A.L. Camacho Puebla (Ana Laura)

PhD candidate - Department of Modern Languages and Cultures
PhD candidate - Radboud Institute for Culture and History

A.L. Camacho Puebla (Ana Laura)
Visiting address

Erasmusplein 1
6525 HT NIJMEGEN

Postal address

Postbus 9103
6500 HD NIJMEGEN

Working days Monday, Tuesday, Wednesday, Thursday, Friday

My research focuses on Latin American cultural analysis, specifically on the intersection of the theories of violence, affect, and materiality.
I have examined the artistic representation of violence in the context of the war against drugs in Mexico, focusing on the mechanisms through which these artworks can invite thinking about different levels of violence by engaging affect.
I have served as curator at the Museum of the Arts in Guadalajara, Mexico, where I developed exhibitions exploring diverse topics such as the influence of artistic trends in local art and affordances or materiality.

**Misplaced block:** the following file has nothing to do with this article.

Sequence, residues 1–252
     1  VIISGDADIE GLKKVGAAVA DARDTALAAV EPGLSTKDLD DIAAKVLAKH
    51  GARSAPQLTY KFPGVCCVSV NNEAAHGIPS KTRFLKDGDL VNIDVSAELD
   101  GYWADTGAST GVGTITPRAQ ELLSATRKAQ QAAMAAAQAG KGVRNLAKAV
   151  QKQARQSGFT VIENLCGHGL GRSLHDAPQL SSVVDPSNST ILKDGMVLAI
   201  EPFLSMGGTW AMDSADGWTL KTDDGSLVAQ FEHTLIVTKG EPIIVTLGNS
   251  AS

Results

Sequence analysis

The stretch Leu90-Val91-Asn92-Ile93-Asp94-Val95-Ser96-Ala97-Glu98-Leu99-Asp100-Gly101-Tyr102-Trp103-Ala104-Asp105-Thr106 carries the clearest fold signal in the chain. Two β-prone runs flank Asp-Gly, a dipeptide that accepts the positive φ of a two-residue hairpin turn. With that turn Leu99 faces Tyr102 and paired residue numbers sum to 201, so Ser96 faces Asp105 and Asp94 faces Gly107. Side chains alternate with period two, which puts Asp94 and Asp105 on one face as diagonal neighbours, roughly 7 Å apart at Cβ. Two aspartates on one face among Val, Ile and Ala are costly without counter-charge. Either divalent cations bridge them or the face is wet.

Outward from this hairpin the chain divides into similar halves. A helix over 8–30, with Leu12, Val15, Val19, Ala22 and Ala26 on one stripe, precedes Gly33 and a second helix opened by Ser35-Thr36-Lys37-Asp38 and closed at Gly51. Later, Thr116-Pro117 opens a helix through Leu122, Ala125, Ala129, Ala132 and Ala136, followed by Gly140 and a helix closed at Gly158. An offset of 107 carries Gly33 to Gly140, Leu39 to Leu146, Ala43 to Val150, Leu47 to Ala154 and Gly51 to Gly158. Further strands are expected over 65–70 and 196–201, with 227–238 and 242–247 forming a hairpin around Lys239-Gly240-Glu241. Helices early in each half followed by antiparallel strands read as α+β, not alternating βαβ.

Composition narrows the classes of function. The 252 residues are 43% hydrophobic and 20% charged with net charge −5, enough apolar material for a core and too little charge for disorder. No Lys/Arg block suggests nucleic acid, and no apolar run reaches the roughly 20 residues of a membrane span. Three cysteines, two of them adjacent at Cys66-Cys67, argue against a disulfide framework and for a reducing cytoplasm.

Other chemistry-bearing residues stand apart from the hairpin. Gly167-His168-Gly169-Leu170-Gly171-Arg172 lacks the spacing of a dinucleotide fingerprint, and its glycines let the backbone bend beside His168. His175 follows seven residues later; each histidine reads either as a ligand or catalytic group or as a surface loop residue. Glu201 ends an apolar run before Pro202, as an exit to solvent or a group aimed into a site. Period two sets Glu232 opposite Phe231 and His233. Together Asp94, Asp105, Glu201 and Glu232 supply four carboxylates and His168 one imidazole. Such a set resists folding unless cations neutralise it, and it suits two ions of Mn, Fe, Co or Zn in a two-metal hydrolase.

In my current project, I focus on the shifting perspective of peyote cactus. This plant rich in mescaline has been the centre of multiple, often contradictory narratives over the centuries. Traditionally, indigenous communities in Mexico and the United States have used it for religious and medicinal purposes. Its profound effect on the mind and body has piqued the interest and awe of nonindigenous groups, particularly early and mid-century scientists, the 1960s countercultural movement, and, more recently, the so-called “psychedelic renaissance.” However, peyote has also triggered anxieties and rejection, so it has been labelled as a diabolical, psychotomimetic, and narcotic substance, as its categorisation as a part of Schedule I of the Convention on Psychotropic Substances of 1971 reflects. Despite this narrative, today, there is a growing global enthusiasm for the plant, especially for its spiritual benefits, raising severe concerns among academics, activists, and indigenous populations about ecological devastation and cultural appropriation. Such a complex panorama opens the space to ask what is at stake in developing such perspectives. In my research, I explore the role of affect and emotion in constructing the diverse imageries associated with peyote and how they have interacted with each other over the past century.

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